The Haden Triplets’ concert Thursday at the Echoplex was billed as “a night of heavenly harmonizing,” and it was all that and more. Siblings Rachel, Petra and Tanya displayed the vocal prowess that carried last year’s Ry Cooder-produced album of Americana gems, and actor/musician Jack Black (Mr. Tanya Haden) joined in the fun too, along with Alejandro Pelayo and Janitor.
You didn’t expect Robert Pollard to go quietly into the night after last September’s announcement that Guided By Voices had broken up, did you? Of course not. Today he debuted another song by Ricket Wicky, an outfit he calls a “sophisticated arena rock band.” The album “I Sell the Circus” will be out Feb. 3 via Fire Records. “The band named Ricked Wicky is significant in that it is the very first name I created for a non-existent band in my early teens,” explains Pollard, who is joined by fellow Daytonian Nick Mitchell and multi-instrumentalist/producer Todd Tobias. It seems to have everything you love in every Robert Pollard project ever, including a sense of humor.
Their latest single is titled “The Show Is Over,” but Body/Head played as if it must go on Thursday night at the Echo. The duo of Kim Gordon and Bill Nace released their raw, powerful full-length “Coming Apart” in the fall of 2013; they advertised the new single as evidence of their intentions to make Body/Head an ongoing project. Their intensity was on full display at the Echo. Meanwhile, Gordon, for 30 years a member of Sonic Youth, will release a memoir titled “Girl in a Band” on Feb. 24. Her book tour comes to L.A. in early March.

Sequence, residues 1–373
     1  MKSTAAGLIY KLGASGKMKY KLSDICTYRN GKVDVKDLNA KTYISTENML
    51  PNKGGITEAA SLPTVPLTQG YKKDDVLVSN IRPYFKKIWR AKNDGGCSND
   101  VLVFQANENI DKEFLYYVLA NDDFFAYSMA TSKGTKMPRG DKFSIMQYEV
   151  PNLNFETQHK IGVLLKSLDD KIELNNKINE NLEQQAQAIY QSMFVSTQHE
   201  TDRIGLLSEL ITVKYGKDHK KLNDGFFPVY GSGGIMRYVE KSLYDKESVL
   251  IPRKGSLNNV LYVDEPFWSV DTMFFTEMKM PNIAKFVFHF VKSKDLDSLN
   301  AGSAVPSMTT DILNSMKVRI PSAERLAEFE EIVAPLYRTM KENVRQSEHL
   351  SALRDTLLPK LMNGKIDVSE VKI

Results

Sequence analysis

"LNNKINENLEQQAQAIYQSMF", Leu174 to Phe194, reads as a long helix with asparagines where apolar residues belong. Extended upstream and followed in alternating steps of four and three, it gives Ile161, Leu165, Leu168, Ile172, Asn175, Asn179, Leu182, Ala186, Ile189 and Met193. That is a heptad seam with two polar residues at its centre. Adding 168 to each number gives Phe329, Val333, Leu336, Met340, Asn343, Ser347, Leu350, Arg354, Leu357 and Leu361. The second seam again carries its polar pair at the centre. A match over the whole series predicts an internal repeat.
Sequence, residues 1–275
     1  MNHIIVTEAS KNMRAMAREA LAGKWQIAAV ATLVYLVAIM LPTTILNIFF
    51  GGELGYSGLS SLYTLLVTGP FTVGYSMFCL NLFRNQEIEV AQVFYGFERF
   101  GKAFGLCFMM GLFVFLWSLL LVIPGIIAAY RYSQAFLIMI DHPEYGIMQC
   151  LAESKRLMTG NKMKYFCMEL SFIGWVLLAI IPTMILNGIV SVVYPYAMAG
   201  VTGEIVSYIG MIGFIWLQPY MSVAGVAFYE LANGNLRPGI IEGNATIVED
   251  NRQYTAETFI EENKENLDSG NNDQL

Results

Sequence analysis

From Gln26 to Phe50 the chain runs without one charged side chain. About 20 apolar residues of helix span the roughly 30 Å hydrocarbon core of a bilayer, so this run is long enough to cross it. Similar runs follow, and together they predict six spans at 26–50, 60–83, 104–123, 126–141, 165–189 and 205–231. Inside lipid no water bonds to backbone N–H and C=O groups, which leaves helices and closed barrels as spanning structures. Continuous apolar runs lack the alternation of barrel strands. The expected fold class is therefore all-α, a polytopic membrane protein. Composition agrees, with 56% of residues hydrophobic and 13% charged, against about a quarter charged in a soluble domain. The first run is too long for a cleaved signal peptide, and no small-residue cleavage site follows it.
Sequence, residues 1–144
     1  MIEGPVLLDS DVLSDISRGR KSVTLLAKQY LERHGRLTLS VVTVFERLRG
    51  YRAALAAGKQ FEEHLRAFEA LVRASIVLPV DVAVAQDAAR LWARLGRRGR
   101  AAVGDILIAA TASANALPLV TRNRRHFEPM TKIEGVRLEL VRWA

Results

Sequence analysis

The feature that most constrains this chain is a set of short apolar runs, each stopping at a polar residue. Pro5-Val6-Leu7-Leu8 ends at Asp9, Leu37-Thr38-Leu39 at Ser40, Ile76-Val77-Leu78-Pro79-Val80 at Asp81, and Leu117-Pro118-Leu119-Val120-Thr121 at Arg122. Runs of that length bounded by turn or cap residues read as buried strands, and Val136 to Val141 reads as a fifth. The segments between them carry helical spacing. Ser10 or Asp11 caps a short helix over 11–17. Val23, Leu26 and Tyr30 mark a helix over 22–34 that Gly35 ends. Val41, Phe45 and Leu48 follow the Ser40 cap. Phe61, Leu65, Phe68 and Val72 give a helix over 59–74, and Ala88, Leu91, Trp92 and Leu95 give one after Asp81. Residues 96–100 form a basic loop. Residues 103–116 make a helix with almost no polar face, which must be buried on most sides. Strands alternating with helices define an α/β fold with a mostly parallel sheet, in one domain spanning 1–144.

||| Live: Body/Head play tonight at the Constellation Room and Saturday at the Getty as part of “Saturday Nights at the Getty.”
If the Four Horsemen of the Apocalypse trade their horses for Cold War-era combustion engines, you’ll know that Viet Cong have arrived. The new self-titled album from the Canadian band howls from the hilltops with reverb-drenched bass and vocals, grindingly sharp guitars and industrial rhythms. Joy Division- and Bauhaus-style goth is given a refreshingly new context, accentuated by Sonic Youth and My Bloody Valentine guitar treatments. But there’s a sonic complexity and emotional depth to these songs that make Viet Cong reach far beyond its influences. The cold militarism is here, but it is often deftly tempered by softer, sometimes pop elements from the vocals or synths. In the album opener, “Newspaper Spoons,” harsh factory-floor drums and syncopated vocals eventually give way to the chiming optimism of the synthesizers. “Silhouettes” (that’s Brooke Linder’s video, above) churns with relentless anxiety. But this is no compromise to easy listening. “March of Progress” and the grinding closer “Death” explore angular, hypnotic landscapes that evoke Can. Of “March of Progress,” bassist and lead singer Matt Flegel says, “That’s the one where I thought ‘that’s what I want us to be doing. Finally.’”
— Wayne Everett
||| Live: Viet Cong plays the Echo on March 6.
||| Also: Below, watch the video for “Continental Shelf”
Glaswegian band the Vaselines formed in 1986, broke up in ’89 and ever since their reformation in 2008 have kept their fans on their toes with three fuzzy full-lengths, including last fall’s “V for Vaselines.” Principals Eugene Kelly and Frances McKee have a standing as cultish indie-rock icons, even beyond their infamous place in Kurt Cobain’s record collection.
On Tuesday night, the Roxy slowly filled up with devoted fans as the band opened with “The Day I Was A Horse.” The Vaselines make an art of ruthless mockery and melodic garage-rock songs with just the right amount of brevity. Their 24-song set moved briskly, and the amusing between-song banter felt almost like the crowd was watching a biting tête-à-tête between a couple who have been together for too long.